Tesco's replacing that ‘irritating’ self-checkout voice

British shoppers, we bear good news

Food shopping is difficult enough without being nagged at the self-service checkout by the odd-ball robo-voice. Thankfully, supermarket chain Tesco has heard your woes and responded with a much-demanded upgrade.

Tesco has found a new voice for its self-service checkout machines, following a series of complaints from frustrated customers.

We've all been there. You skip the long queue for the till and head to the self-service checkout with just a meal deal, only to be bombarded by constant nagging - "unexpected item in bagging area - remove this item before continuing." Then one of the staff have to come over to resolve the issue, somewhat defeating the object of the machine.

The store says customers found the old female voice “shouty” and “irritating”, so it's swapped it for a male voice. The switch from female to male has raised accusations of sexism, but Tesco insisted the gender was not their "main consideration."

"Customers really like the convenience of our self-service checkouts, especially when they're just popping into store to pick up lunch or a few items after work. But for some, the voice leaves them a bit frustrated," said Jame Dewen, self-service checkout operations manager at Tesco.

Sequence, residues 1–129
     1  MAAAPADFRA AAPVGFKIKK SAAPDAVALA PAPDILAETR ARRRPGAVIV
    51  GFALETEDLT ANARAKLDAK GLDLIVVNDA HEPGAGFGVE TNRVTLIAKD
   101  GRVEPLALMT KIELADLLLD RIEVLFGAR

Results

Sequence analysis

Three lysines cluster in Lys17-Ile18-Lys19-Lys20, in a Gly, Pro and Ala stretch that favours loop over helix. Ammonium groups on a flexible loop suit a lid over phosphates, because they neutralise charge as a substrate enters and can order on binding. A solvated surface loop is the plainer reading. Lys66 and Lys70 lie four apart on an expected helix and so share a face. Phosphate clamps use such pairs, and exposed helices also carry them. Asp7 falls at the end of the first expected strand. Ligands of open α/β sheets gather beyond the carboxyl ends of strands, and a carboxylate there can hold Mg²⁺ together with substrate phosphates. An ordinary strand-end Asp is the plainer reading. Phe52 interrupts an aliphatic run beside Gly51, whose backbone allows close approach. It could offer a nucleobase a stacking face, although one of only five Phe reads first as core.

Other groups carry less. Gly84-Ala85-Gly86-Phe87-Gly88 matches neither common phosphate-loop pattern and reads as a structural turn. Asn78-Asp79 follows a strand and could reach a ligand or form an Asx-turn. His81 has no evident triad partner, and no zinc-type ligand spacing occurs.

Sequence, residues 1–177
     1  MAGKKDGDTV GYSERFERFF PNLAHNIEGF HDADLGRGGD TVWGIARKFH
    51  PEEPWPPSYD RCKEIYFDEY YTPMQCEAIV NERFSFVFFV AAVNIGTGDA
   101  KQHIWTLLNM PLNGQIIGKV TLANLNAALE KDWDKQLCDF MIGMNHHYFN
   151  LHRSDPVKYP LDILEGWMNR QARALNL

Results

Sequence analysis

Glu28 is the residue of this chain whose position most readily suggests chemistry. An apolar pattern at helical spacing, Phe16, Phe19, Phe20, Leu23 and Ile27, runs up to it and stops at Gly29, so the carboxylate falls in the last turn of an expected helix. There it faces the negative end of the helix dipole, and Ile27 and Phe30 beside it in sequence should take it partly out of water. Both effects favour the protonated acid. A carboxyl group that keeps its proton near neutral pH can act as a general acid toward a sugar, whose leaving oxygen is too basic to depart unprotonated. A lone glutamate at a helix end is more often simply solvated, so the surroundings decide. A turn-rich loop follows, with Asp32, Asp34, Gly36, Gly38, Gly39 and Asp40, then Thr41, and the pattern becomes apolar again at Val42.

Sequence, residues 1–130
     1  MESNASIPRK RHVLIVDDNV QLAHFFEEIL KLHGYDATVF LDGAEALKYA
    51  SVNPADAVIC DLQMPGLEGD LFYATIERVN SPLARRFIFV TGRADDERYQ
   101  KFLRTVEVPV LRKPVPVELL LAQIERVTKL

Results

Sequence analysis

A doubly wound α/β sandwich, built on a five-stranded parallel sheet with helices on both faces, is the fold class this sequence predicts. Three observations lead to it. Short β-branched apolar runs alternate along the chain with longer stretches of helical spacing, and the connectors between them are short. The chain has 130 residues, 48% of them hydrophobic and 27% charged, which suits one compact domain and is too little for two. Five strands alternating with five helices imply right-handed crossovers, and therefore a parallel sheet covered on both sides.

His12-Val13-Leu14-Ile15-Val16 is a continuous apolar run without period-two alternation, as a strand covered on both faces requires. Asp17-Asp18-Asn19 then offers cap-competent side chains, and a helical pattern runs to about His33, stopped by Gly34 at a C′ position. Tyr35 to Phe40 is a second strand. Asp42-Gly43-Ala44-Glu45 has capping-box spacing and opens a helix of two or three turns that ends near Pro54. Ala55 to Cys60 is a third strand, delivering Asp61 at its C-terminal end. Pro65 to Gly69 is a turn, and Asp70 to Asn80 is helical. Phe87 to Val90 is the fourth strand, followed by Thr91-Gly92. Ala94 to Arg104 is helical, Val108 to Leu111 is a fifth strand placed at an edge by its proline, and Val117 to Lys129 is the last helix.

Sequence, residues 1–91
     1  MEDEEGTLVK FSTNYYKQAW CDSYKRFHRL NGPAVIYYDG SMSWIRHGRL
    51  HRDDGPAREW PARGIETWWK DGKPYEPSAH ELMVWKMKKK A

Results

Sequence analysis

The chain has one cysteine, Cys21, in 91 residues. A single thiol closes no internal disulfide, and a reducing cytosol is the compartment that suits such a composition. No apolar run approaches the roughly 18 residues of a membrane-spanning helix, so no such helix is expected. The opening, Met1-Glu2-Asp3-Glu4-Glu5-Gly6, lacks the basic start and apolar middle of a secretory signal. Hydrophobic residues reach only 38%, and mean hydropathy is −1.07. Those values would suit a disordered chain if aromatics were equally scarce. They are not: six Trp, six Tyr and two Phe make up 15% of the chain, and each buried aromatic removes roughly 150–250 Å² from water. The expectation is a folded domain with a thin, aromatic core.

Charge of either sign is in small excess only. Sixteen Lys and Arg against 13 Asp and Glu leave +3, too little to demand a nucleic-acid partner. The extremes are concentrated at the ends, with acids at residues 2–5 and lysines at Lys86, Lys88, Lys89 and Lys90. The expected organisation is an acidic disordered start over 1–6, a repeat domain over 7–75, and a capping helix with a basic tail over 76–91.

"It's listened to by millions of customers every week, so we've acted on customer and colleague feedback and worked hard to get the new voice right to improve the shopping trip."

Tesco has also reworded six of the most annoying phrases based on customer feedback. And best of all, the “unexpected item in bagging area” phrase has been axed altogether.

The new voice is already in action at Hatfield, Peterborough, Edinburgh and Kensington, and will be rolled out across the UK by the end of October.

Hear how the new voice compares with the old one below.

Nathan George

Nathan George is a freelance journalist who has contributed to T3.com in the fields of gaming, social media, streaming services, autonomous vehicles, phones, virtual reality headsets, wireless speakers and future tech. He studied journalism at the University of the West of England and is a holder of the Bronze and Silver The Duke of Edinburgh Award.